A Quiet Game at Cribbage by Hablot Knight Browne (Phiz). Wood engraving, 3 ⅛ x 4 ¼ inches (7.9 cm high x 10.9 cm wide). — Part Thirty-five, Chapter 64, The Old Curiosity Shop: 2 January 1841. Master Humphrey's Clock, no. 39, 158. Source: Steig, plate 34; reproduced by permission of the author. Phiz contributed sixty-one composite woodblock engravings and three frontispiece designs to the project. [Return to text of Steig. Click on the images to enlarge them.]

Passage Illustrated: A More Feminine Card-player

He awoke. With a sensation of most blissful rest, better than sleep itself, he began gradually to remember something of these sufferings, and to think what a long night it had been, and whether he had not been delirious twice or thrice. Happening, in the midst of these cogitations, to raise his hand, he was astonished to find how heavy it seemed, and yet how thin and light it really was. Still, he felt indifferent and happy; and having no curiosity to pursue the subject, remained in the same waking slumber until his attention was attracted by a cough. This made him doubt whether he had locked his door last night, and feel a little surprised at having a companion in the room. Still, he lacked energy to follow up this train of thought; and unconsciously fell, in a luxury of repose, to staring at some green stripes on the bed-furniture, and associating them strangely with patches of fresh turf, while the yellow ground between made gravel-walks, and so helped out a long perspective of trim gardens.

He was rambling in imagination on these terraces, and had quite lost himself among them indeed, when he heard the cough once more. The walks shrunk into stripes again at the sound, and raising himself a little in the bed, and holding the curtain open with one hand, he looked out.

The same room certainly, and still by candlelight; but with what unbounded astonishment did he see all those bottles, and basins, and articles of linen airing by the fire, and such-like furniture of a sick chamber — all very clean and neat, but all quite different from anything he had left there, when he went to bed! The atmosphere, too, filled with a cool smell of herbs and vinegar; the floor newly sprinkled; the — the what? The Marchioness? [Chapter LXIV, 157-58]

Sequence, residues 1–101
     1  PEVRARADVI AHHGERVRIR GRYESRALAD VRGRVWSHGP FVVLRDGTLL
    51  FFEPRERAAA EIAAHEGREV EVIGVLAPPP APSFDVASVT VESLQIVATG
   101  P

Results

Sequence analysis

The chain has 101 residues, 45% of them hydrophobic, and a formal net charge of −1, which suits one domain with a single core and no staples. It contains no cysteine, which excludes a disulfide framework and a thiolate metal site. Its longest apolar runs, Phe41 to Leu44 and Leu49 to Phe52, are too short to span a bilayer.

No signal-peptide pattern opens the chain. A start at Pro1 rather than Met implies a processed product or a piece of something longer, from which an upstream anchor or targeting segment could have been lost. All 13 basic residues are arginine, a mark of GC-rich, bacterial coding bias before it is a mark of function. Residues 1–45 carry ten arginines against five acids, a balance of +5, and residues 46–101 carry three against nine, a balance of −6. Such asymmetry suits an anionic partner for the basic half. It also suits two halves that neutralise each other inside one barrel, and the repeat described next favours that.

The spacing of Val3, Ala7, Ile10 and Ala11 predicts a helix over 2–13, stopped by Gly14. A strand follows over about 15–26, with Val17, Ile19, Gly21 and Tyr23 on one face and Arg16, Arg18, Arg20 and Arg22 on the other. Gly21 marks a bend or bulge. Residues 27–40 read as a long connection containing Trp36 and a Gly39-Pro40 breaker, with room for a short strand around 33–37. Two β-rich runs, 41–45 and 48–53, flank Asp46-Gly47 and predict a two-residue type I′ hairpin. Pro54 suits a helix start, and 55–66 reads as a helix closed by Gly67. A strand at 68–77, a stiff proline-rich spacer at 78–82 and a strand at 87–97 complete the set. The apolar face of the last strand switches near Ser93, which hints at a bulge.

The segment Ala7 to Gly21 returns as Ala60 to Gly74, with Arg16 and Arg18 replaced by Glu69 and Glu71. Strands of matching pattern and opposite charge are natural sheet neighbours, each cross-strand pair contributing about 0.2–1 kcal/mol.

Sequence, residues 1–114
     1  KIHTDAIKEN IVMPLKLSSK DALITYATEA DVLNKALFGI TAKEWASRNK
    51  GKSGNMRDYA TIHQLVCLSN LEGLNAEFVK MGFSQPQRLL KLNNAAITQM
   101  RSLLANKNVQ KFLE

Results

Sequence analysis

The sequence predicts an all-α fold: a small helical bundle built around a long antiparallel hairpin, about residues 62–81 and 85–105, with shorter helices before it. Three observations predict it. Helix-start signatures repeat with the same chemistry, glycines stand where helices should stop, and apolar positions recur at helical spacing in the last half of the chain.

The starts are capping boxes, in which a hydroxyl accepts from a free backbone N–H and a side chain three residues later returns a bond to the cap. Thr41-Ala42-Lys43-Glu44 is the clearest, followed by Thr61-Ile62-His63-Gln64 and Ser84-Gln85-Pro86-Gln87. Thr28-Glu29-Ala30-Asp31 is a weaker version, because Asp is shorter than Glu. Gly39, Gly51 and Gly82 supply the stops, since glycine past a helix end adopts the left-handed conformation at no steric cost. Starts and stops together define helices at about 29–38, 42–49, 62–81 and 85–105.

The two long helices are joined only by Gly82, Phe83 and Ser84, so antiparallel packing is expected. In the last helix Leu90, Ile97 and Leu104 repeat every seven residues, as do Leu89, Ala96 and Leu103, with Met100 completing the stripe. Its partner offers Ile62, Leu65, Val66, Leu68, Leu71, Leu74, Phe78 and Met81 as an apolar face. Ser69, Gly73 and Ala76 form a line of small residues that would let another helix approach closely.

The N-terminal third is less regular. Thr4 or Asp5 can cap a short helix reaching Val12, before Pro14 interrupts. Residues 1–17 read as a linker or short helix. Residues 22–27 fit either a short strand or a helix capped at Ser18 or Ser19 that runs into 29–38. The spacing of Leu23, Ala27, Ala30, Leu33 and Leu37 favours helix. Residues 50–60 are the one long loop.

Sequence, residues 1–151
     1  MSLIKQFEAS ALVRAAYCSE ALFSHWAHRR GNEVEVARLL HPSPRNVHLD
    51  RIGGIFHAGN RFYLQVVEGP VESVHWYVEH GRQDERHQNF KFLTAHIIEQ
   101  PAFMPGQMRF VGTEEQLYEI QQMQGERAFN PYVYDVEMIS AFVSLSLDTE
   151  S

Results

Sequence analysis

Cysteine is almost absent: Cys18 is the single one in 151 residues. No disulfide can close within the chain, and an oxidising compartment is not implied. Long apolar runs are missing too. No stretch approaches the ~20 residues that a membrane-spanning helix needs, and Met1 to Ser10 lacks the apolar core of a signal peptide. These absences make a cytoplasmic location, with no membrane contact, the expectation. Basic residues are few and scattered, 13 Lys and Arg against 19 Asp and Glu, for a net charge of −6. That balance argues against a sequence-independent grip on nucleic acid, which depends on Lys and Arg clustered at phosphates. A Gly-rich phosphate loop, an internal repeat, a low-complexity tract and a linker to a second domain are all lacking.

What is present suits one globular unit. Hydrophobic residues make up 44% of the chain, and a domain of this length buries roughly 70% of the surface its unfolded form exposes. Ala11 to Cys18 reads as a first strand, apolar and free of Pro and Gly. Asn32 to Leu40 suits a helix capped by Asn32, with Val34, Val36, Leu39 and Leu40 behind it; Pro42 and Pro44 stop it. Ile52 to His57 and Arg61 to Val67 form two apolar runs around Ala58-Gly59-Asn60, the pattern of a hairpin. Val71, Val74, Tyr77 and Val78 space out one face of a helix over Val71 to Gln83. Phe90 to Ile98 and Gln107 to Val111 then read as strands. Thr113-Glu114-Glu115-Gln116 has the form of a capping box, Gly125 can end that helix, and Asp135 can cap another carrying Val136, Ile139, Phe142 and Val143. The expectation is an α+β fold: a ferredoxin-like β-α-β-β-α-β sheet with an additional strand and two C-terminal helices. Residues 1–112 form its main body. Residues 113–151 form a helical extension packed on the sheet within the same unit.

Commentary by Michael Steig: From Workhouse Child to Attractive Adolescent

In an article about the Marchioness that discuses the way Dickens and Phiz develop her across the forty parts of The Old Curiosity Shop, Steig presents a convincing argument that the illustrator transforms her from a witch-like, genderless troll, "a terrible looking creature" (Kitton, 80) or grotesque, into a young woman. Kitton notes what he terms Phiz's "inconsistent" characterization of the Marchioness:

Browne subsequently shows the Marchioness as a wizened creature, looking like a little old woman (the card-playing scene, ch. 57), as a fay-like being (in Dick's sickroom, ch. 64), and as a not implausibly improvable young girl (arriving with edibles for Dick, ch. 66). A few years later, as one in a set of four extra illustrations for the novel, Browne portrayed the Marchioness, supposedly as she was at the sickroom stage of the book, as an attractive girl in late adolescence — less an instance, I think, of Phiz's inconsistency than of his response to the mixed intentions of the novelist in his making the Marchioness the offspring of the demonic Quilp and Sally, a workhouse orphan who has suffered great privations, and yet at the same time a suitable wife for Dick. (See also the reproduction of an initial sketch for this engraving in E. Browne, facing p. 254.) [54-55]

Right: Harry Furniss's study of the Marchioness inserted into Chapter 47, well before she quits the Brasses to nurse Dick. Furniss depicts her as a pensive waif in The Marchioness (1910), a Cinderella with a disreputable broom, a pail, and a water-jug.